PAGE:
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|Title: ||Body fluid of the honey bee larva - I. Osmotic pressure, specific gravity, pH, O2 capacity, CO2 capacity, and buffer value, and their changes with larval activity and metamorphosis|
|Authors: ||Bishop, George H.|
|Issue Date: ||1923 |
|Citation: ||Bishop G.H., 1923. Body fluid of the honey bee larva - I. Osmotic pressure, specific gravity, pH, O2 capacity, CO2 capacity, and buffer value, and their changes with larval activity and metamorphosis. Journal of biological chemistry, vol.58, 543-565|
|Series/Report no.: ||Bures-B1402|
|Abstract: ||1. Specific gravity of mature larvae of worker honey bees is 1.045.
2. The osmotic pressure of worker larval blood in terms of freezing point lowering gives a value of -0.86°C., and the osmotic pressure decreases during pupation.
3. The pH of larval blood (measured at 25°) is near 6.8, varying with conditions in the hive.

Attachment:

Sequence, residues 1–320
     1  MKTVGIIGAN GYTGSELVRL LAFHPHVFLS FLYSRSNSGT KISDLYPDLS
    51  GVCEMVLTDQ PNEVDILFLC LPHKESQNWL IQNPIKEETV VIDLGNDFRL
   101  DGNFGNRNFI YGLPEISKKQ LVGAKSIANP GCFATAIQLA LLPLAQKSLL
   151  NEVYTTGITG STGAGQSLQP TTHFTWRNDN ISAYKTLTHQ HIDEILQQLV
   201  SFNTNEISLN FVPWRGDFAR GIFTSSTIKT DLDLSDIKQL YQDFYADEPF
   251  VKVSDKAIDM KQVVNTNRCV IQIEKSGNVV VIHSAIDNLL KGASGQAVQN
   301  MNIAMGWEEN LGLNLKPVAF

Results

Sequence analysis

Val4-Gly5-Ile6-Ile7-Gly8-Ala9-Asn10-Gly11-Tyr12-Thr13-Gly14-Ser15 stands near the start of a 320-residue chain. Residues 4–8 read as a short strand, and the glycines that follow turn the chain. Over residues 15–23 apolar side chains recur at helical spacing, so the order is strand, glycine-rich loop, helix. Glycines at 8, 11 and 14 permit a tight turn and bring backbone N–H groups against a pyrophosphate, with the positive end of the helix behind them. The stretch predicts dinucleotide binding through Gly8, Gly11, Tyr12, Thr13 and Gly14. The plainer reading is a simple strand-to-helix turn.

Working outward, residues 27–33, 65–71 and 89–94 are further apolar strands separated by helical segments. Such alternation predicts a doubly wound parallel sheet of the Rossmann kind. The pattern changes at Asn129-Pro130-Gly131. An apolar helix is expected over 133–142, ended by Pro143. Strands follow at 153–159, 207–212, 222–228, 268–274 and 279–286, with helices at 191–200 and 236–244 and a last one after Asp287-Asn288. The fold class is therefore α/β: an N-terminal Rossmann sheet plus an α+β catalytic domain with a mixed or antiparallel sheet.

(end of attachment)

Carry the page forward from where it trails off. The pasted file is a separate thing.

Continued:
4. The oxygen capacity of larval blood is within a reasonable error the amount that could be physically dissolved, and no evidence of a chemical carrier is found. The content decreases during spinning, when the larva is enclosed in a cocoon, because diffusion is cut down while consumption increases.
5. CO2 absorption curves indicate that the blood (of drone larvae) decreases in CO2 capacity and content during spinning of the cocoon, but the tension of CO2 increases, and the H ion concentration increases, giving evidence of loss of alkali reserve through the production of acid other than CO2. After spinning, pupal blood shows a decrease of CO2 tension and content, with little change in capacity, allowing the pH to return to approximately the initial level.
6. Variation in CO2 tension and, therefore, in CO2 content and pH of blood from larvae in the same stage may be assigned to variable distribution of larvae in the cells of the comb, affecting diffusion of respiratory gases; but not appreciably to variation in the tension of CO2 in the air of the hive, which is maintained at a low and constant level.
7. The acidosis that occurs during spinning appears to be one of several factors present that should encourage autolytic changes in a tissue. Such changes do, in fact, take place in the bee larva. High concentration of the H ion may, therefore, be assigned as a contributing cause to the rapid metamorphosis of this insect.|
|Appears in Collections:||l'Abeille Digitale - Bee Archive / Prototype|
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